A White House readout at the time of the call said Trump expressed to Zelensky his commitment to working on reforms that "strengthen democracy" and "root out corruption" in Ukraine.

But in the memo released Friday, there is no talk of corruption and little talk of politics as the two leaders exchange compliments and congratulations.

“That was an incredible election,” Trump tells Zelensky. “Again, thank you so very much. As you can see, we tried very hard to do our best. We had you as a great example.”

“I think you will do a great job. I have many friends from Ukraine and they think — frankly — expected you to win. And it’s a really amazing thing that you’ve done.” 

Trump boasts about the economy and compares himself to Zelensky, saying “in a way, I did something similar.”  

“I’d also like to invite you, if it’s possible, to the inauguration. I know how busy you are, but if it’s possible for you to come to the inauguration ceremony, that would be a great, great thing for you to be with us on that day,” Zelensky says. 

“Well, that’s very nice. I’ll look into that,” Trump replies. “Give us the date and, at a very minimum, we’ll have a great representative.” 

Trump has teased over the course of the last week that he would release a transcript of the April phone call, which came before the now-infamous July 25 conversation between the two leaders that is now at the center of an impeachment inquiry in the House. 

The president is likely to use the call as a talking point moving forward to both boast about its contents and his willingness to be transparent, even as the White House stonewalls requests for witnesses and documents in the House impeachment inquiry.

“The President took the unprecedented steps to declassify and release the transcripts of both of his phone calls with President Zelensky so that every American can see he did nothing wrong," White House press secretary Stephanie GrishamStephanie GrishamMelania Trump says she was 'disappointed and disheartened' watching Capitol riots Trump resignations gaining steam GOP senators urging Trump officials to not resign after Capitol chaos MORE said in a statement Friday morning.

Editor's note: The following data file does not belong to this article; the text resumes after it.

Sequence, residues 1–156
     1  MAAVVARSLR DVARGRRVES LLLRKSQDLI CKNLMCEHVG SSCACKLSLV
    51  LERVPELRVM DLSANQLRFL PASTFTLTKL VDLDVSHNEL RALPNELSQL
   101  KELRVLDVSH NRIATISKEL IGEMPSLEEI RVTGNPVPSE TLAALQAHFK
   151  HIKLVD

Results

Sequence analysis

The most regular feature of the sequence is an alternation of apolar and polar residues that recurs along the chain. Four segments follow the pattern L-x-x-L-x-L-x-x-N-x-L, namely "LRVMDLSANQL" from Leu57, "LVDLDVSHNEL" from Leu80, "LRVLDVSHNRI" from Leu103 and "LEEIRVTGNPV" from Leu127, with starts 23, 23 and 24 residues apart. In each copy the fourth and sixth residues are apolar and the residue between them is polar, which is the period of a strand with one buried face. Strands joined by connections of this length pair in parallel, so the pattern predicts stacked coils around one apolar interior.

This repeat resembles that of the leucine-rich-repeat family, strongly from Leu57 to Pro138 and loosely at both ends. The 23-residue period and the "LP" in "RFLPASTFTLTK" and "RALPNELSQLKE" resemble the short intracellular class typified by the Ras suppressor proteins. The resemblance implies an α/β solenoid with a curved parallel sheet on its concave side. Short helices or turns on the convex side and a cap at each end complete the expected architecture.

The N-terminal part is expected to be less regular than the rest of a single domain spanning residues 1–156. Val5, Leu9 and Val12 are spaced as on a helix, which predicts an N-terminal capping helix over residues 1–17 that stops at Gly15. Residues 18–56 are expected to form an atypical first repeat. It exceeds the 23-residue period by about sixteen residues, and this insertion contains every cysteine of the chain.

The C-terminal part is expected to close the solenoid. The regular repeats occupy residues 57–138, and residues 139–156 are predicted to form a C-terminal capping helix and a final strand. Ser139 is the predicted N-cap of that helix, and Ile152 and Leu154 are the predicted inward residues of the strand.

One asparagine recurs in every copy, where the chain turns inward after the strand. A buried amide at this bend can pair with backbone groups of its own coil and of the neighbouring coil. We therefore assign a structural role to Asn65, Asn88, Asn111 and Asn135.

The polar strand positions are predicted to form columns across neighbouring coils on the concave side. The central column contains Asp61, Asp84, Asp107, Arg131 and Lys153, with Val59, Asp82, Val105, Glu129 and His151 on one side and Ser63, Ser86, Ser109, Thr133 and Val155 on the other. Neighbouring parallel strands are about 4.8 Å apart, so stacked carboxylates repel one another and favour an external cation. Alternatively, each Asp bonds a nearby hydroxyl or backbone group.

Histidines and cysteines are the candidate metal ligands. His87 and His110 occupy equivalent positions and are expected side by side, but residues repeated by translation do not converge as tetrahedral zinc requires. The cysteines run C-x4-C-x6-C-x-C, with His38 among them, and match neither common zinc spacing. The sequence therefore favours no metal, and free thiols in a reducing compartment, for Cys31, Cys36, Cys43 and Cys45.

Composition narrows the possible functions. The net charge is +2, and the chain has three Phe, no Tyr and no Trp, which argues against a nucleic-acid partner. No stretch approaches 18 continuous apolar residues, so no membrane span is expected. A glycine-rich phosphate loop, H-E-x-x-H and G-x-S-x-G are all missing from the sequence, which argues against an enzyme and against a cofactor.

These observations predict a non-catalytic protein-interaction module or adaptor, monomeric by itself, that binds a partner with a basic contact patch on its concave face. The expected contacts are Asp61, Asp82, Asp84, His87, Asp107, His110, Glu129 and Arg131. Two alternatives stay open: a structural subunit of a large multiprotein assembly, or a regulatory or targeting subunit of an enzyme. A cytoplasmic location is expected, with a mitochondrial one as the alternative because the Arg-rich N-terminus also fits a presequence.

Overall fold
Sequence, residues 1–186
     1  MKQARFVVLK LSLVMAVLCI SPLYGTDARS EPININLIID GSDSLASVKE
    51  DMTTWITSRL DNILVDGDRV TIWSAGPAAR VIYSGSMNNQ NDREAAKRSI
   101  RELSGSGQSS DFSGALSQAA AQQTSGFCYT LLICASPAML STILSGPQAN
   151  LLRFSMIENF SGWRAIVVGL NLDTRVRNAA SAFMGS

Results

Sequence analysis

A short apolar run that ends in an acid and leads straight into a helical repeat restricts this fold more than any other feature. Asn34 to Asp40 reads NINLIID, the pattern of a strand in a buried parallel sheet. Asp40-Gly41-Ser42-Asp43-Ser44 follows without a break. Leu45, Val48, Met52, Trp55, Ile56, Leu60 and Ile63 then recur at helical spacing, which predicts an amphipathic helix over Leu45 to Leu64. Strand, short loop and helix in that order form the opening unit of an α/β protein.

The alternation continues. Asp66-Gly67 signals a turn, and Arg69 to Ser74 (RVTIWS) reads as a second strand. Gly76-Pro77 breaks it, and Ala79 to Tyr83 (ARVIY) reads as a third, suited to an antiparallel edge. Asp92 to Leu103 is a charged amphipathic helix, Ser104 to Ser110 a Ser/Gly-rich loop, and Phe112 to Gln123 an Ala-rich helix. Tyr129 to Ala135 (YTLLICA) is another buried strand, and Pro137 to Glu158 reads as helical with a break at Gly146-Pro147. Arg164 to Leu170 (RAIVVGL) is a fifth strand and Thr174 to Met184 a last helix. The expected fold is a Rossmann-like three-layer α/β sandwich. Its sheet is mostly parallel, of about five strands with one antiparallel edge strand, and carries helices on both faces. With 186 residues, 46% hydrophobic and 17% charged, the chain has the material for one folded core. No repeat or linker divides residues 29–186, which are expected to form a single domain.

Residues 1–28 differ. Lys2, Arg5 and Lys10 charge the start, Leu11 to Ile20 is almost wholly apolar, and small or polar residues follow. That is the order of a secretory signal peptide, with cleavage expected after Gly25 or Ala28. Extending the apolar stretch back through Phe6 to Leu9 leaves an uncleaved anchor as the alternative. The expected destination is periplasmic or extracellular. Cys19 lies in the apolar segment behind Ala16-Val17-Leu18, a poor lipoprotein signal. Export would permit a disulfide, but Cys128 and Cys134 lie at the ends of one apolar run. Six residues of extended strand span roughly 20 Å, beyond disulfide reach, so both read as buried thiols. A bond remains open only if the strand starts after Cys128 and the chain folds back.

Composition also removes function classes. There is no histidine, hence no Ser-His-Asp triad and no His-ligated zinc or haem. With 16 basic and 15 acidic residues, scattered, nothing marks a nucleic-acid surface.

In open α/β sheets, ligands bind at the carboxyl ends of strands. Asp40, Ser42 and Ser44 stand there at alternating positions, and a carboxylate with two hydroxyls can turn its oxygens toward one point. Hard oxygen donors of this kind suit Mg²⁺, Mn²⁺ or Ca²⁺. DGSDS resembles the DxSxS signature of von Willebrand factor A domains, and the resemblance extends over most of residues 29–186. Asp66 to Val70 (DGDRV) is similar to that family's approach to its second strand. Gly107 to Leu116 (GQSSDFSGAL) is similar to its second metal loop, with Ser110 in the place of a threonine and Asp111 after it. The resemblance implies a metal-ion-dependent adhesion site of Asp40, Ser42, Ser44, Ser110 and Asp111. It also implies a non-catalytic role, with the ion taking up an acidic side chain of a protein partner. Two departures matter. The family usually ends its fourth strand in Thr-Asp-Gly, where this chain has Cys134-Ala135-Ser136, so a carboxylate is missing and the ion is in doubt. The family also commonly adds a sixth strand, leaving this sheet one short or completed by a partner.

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The April conversation is notably different from the July 25 call, when Trump urged Zelensky to “look into” the Bidens and “do us a favor though” by investigating a debunked conspiracy theory about the 2016 hack of the Democratic National Committee server. 

Lt. Col. Alex Vindman, a key witness in the impeachment inquiry who raised concerns to his superiors about the July 25 call, told lawmakers in a closed-door hearing last month that he felt the April conversation with Zelensky "was actually a very good call."

"Everybody was happy, high-fiving from that call because we were moving in the right direction for Ukraine," Vindman said, according to a transcript of his testimony to House lawmakers.

Vindman is one of several witnesses slated to testify in public next week as part of the House impeachment inquiry.

House Democrats are investigating whether Trump abused the power of his office to press for investigations that would benefit him politically. In particular, they are investigating whether Trump sought to use military assistance to Ukraine and the White House meeting as a cudgel to press for the investigations that his personal attorney Rudy GiulianiRudy GiulianiWhat our kids should know after the Capitol Hill riot  How to stop Trump's secret pardons Trump tells aides not to pay Giuliani's legal fees: report MORE was pressing for. 

Trump has defended his July 25 call with Zelensky, calling it “perfect” and accusing Democrats of a partisan “witch hunt.” He has also insisted there was no quid pro quo in his interactions with Ukraine.

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Here's a copy of what the White House released on Friday:

First Conversation Had Between President Trump and President Zelensky of Ukraine








 

 

Updated at 10:05 a.m.